The electrical system in Epoch can run appliances, make and heat water, charge batteries. We have hydronic heat and air conditioning! The boat has a bow thruster, a crane for deploying the tenders and water toys, an electric motor (windlass) to lower and raise the anchor (121 pounds), and stabilizers. Stabilizers are little fins on the side of the boat that keep the boat from rolling in the ocean. We also have a flopper-stopper, when deployed when at anchor, will reduce roll. We carry 1500 gallons of fuel, 400 gallons of fresh water, and 400 gallons of holding tanks (waste water). When we are at marinas, we plug into “shore power.” When at anchor, we use the generator for electricity.
We have two tenders or dinghies on board. One is used to explore bays, marinas, estuaries. The other tender has wheels we can lower which will be used to run through the surf to explore the beaches in Mexico.
Safety equipment? We have our EPIRB, Emergency Position Indicating Radio Beacon. An EPIRB is registered to our vessel and is meant to help rescuers locate us in an emergency situation. We also have PLBs, Personal Location Beacons, designed to be carried on our life jackets. In the unlikely event we need to abandon ship, we have and our Winslow 6-man offshore life raft. The life raft is packed into this case and has a hydrostatic release for deployment. Our “Ditch Bag” containing survival equipment is kept close by in the pilothouse. We also have our Lifesling and MOB, Man Overboard Recovery system.
Maintenance and operation of the boat takes work. Scott spends time in the engine room changing oils, filters, maintaining the water pumps and systems. Epoch runs 24/7 during some cruising so Scott keeps the systems well maintained. When we are not making water and water is available in the marinas, we fill the water tank with a hose. And twice a year, we fill Epoch up with diesel fuel. Me? I do similar things on board that I do at home. When we are underway, Scott likes to be at the helm. I do the majority of the engine room checks. Scott docks the boat. I am the deck hand and put out fenders and lines. We use headphones to communicate during docking or anchoring so we don’t yell at each other!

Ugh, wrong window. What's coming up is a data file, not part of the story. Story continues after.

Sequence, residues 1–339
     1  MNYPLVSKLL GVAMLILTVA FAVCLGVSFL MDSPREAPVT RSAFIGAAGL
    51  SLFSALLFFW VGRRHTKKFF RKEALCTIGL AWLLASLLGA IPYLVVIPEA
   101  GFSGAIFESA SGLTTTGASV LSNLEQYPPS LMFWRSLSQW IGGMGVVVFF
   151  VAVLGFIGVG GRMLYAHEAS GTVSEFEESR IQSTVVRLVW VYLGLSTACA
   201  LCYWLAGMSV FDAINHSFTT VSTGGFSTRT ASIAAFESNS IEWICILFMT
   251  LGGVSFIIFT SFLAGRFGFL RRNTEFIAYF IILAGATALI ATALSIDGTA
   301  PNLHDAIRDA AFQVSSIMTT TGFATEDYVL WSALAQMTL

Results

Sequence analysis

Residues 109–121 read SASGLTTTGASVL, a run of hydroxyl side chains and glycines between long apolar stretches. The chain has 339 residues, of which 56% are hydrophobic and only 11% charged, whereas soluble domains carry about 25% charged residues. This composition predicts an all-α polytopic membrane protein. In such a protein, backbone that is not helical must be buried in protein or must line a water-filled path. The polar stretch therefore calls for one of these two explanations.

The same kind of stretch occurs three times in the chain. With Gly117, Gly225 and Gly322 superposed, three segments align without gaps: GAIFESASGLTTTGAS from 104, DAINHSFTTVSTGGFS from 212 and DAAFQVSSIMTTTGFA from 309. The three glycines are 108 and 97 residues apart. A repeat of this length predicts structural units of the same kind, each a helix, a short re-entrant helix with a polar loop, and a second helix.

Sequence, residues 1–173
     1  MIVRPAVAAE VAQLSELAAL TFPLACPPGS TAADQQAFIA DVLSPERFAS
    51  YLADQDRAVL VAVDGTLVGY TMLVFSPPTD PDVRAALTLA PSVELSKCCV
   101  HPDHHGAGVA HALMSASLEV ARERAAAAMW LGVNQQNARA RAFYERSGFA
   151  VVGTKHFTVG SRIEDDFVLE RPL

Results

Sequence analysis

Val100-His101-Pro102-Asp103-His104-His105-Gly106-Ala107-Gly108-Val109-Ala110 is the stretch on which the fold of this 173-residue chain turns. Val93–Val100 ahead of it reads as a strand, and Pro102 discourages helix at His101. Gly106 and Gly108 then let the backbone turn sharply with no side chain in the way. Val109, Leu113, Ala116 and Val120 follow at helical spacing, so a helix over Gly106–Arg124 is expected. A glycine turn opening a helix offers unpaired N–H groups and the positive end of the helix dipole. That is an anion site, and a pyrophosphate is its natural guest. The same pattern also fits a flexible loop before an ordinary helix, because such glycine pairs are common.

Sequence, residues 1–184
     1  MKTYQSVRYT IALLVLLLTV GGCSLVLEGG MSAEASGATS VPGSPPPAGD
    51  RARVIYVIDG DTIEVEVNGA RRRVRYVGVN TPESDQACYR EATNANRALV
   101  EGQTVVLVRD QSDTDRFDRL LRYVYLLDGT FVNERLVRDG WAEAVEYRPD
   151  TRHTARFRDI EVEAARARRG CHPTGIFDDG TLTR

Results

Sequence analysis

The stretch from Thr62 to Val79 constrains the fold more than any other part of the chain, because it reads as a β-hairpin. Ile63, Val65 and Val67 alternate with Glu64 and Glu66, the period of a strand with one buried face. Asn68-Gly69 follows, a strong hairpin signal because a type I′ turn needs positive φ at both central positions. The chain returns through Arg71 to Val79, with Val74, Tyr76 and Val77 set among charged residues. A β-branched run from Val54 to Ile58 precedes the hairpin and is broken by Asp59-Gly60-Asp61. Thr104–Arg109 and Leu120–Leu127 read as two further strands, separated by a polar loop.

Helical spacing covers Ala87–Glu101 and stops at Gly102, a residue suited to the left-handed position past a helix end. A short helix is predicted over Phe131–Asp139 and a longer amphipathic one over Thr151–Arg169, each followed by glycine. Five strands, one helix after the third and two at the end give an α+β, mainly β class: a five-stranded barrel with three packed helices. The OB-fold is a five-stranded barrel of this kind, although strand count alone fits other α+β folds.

For fun, we read about the places we are going. We fish and crab. We enjoy beverages on the flybridge or cockpit if it is warm enough. We actually love cruising the days away and enjoy anchoring or docking in marinas for the evenings. We like to explore ports and villages, learning about the history, culture and yummy foods. We take our tender with beverages and explore or visit other boaters. Since we don’t have a vehicle when we get to marinas, we walk a lot.
We read, Scott maintenance manuals and I enjoy fiction and biographies. We both read cruising manuals all the time. I listen to audiobooks and have picked up a new hobby called English Paper Piecing (thanks to my daughter Eileen!). We keep in touch with friends and family by email, text or cell phone and I send postcards! Yep, postcards!
Just in case you were wondering, we do sleep on sheets and pillows in bed. We have an espresso maker for our morning lattes. We watch the ‘Today’ show sometimes. We have computers and a printer/fax on board. I make cookies and use the crockpot. Sometimes we grill dinner in the cockpit. Our beer is COLD! Storage of stuff is sometimes odd. We store things in many locations like drawers, small cabinets, under settees or in floor hatches. Daily question, “where did I put that….?” Really, all the comforts of home. It is our home. Living and cruising on a boat is different, but the same. And….. the scenery and weather is always changing.